Tim Brinton

El dólar se enfrenta a su desaparición

BERKELEY  En la blogósfera abundan los informes sobre la inminente desaparición del dólar. El billete verde se ha depreciado frente al euro en casi un 15% desde el inicio del verano. Se dice que los bancos centrales han disminuido su acumulación de dólares en favor de otras divisas. Una historia sensacionalista aunque no documentada dice que los Estados del Golfo están conspirando junto con China, Rusia, Japón y Francia –ahí tienen ustedes una coalición extraña- para que se deje de fijar el precio del petróleo en dólares.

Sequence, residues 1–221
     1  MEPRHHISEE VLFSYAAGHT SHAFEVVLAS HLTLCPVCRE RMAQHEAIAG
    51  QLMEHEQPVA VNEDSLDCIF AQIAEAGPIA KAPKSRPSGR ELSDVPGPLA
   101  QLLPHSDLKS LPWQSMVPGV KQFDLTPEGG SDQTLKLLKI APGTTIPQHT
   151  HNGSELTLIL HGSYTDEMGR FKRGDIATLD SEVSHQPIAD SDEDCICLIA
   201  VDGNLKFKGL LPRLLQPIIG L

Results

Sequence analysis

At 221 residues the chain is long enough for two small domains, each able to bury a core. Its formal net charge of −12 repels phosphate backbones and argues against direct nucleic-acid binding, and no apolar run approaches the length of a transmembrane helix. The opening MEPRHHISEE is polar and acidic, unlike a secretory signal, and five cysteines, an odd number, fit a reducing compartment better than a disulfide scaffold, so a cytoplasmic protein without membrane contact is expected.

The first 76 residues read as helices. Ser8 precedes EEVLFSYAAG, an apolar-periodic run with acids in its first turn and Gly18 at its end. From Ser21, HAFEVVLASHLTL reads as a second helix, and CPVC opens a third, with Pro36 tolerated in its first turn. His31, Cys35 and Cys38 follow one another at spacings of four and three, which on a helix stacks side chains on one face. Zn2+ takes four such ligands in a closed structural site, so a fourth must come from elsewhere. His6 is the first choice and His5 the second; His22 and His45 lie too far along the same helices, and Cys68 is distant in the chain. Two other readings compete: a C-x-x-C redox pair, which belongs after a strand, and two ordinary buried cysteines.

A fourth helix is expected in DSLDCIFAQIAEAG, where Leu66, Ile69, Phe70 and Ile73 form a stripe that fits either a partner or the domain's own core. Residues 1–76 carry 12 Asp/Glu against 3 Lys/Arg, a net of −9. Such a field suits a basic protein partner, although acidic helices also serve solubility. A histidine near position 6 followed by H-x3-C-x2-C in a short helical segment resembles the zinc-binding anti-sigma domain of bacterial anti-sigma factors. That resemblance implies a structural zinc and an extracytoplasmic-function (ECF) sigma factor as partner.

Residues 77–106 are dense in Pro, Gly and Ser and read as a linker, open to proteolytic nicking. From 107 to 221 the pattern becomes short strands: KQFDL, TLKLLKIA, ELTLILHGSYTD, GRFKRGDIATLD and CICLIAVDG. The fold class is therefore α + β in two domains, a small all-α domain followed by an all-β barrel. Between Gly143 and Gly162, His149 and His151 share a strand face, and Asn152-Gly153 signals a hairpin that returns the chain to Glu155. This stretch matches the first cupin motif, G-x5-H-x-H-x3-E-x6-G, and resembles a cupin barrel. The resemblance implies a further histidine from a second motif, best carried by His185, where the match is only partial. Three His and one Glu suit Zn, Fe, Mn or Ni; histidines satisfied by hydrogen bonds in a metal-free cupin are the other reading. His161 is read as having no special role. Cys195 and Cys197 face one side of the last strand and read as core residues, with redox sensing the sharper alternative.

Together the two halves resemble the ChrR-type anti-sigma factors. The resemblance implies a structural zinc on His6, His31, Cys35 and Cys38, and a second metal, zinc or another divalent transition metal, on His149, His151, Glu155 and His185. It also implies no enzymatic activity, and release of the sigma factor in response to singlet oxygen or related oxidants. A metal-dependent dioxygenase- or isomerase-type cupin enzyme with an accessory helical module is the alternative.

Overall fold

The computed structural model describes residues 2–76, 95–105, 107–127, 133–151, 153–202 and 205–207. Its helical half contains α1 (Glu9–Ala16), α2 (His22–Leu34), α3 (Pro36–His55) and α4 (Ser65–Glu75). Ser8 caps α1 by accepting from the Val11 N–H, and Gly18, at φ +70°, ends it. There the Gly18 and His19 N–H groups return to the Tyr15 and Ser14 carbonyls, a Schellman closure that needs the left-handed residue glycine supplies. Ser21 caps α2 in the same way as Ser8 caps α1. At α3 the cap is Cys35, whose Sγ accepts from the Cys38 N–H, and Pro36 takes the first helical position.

Los economistas no tienen problemas para explicar la debilidad del dólar después de los hechos. Dado que los hogares estadounidenses están haciendo mayores ahorros a fin de restaurar sus cuentas para la jubilación, el país tiene que exportar más. Se necesita un dólar más débil para hacer más atractivos los productos estadounidenses a los consumidores extranjeros.

Además, el desencanto con los sofisticados instrumentos, que las instituciones financieras estadounidenses se especializan en crear y distribuir, se traduce en menores entradas de capital extranjero en los Estados Unidos. Menos compras extranjeras de los activos estadounidenses  significan un dólar más débil. Mediante una extrapolación del pasado en el futuro, los analistas prevén que el dólar se depreciará más.

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